Reviewed: The Queen Victoria Arts Club, Leicester.
Recently I was able to say the phrase I’ve been rehearsing for a lifetime: “If you need me, I’ll be at my club.” Well I was for one night! Writes dluxe dining correspondent Lisa Delahoy as she samples the delights of The Queen Victoria Arts Club.
There’s something about the Cultural Quarter that fills me with anticipation that something really exciting is about to happen and this night didn’t disappoint. It was a mild autumnal evening when we arrived in Rutland Street. The bars were buzzing and crowds of eager theatre goers piled into the Curve for a musical feast. It’s that time of year when Christmas parties and girly nights out are in full swing.
Opposite the Curve is Victoria House. A six storey, Victorian gothic, recently restored, imposing building. On the ground and basement levels is Leicester’s newest and completely unique venue. As you enter you feel the history of the place surround you with crisp black and white tiles and sparkling glass reflecting the street lights. Straight ahead is a wall with a floral image reminiscent of an old Dutch master. We were greeted at the front desk and escorted into the public dining room. No need for the full membership here, you can just walk in and enjoy some tasty treats.
We were offered the evening menu or the pre-theatre set menu. This was an opportunity to try the three course dinner for just £21 ( two courses £18). We made our choices and sat back to absorb our forest green surroundings while Aretha serenaded us and we sipped our Aperol spritz’. It wasn’t long before two dishes arrived. The first, a roast pumpkin soup with pumpkin seed pesto and Hambleton bakery croutons. A tasty, vivid green, velvety smooth, moreish, and warming bowl of comfort. The second was potted salmon accompanied by toasted sourdough and a salad of pickled cucumber, roasted tomatoes and shaved fennel. When all piled onto the toast the fennel had a fresh anise-like flavour which cut through the lightly seasoned poached salmon pate. The sweet tomatoes mixed in well but I think I would have preferred a sweet pickled cucumber instead of the rather sharp one presented.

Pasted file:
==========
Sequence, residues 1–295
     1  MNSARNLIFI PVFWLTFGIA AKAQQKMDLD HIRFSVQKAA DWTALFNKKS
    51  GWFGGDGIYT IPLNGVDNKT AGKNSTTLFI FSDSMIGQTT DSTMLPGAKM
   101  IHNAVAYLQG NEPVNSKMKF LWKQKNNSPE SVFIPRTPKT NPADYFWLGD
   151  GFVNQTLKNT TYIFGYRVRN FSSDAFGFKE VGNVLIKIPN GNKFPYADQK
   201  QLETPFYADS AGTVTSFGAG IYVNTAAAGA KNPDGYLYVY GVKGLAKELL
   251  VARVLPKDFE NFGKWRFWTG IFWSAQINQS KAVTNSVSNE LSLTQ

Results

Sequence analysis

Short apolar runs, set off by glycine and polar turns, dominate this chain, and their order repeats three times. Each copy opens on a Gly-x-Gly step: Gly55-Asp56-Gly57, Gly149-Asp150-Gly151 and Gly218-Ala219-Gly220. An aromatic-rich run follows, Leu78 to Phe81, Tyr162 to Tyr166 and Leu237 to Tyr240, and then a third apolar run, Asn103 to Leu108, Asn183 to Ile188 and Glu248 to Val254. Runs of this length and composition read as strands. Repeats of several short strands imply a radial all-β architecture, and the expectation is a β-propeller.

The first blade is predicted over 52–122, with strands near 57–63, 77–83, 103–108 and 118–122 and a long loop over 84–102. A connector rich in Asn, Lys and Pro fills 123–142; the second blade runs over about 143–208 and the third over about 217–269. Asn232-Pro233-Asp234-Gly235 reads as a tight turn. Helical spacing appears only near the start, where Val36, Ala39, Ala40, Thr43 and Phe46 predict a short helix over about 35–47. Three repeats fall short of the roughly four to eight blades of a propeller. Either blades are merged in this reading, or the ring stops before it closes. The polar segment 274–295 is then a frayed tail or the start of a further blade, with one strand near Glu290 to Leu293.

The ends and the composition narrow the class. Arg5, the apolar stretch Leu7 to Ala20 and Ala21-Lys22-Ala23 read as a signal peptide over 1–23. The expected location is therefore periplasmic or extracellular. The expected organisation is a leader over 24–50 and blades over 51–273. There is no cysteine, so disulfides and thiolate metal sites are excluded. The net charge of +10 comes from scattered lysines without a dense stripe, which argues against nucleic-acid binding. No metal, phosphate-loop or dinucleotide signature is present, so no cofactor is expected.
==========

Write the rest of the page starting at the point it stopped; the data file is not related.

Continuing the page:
Our waiter cleared the table and soon after brought us the main event. We’d chosen two very different dishes, one was a butternut squash, vegetable and chickpea curry. Unexpectedly the butternut was neatly parcelled in a spring cabbage leaf, nestled on a bed of steamed basmati, surrounded by a moat of delicately spiced, creamy chickpea and lentil gravy. Every mouthful was taken with a little of each component to ensure the full taste bud experience. The other, roast chicken with a wild mushroom and tarragon sauce, garlic mash and vegetables. The chicken was perfectly cooked, tender and moist and hidden under a sea of richly flavoured sauce (I love sauce so this was just my kind of thing.) The mash perfectly blended and the french beans and carrots al dente.
Then came the big question. Would we like to see the dessert menu – well of course we would! A blackberry bavarois with quince and Charlotte Russe cake, perfectly proportioned, light and airy, full of seasonal inspiration. Then there was the chocolate tart with brandy, black cherries and vanilla ice cream, very naughty with a guaranteed soporific effect.
Time to leave. If you need me, I’ll be at my club.
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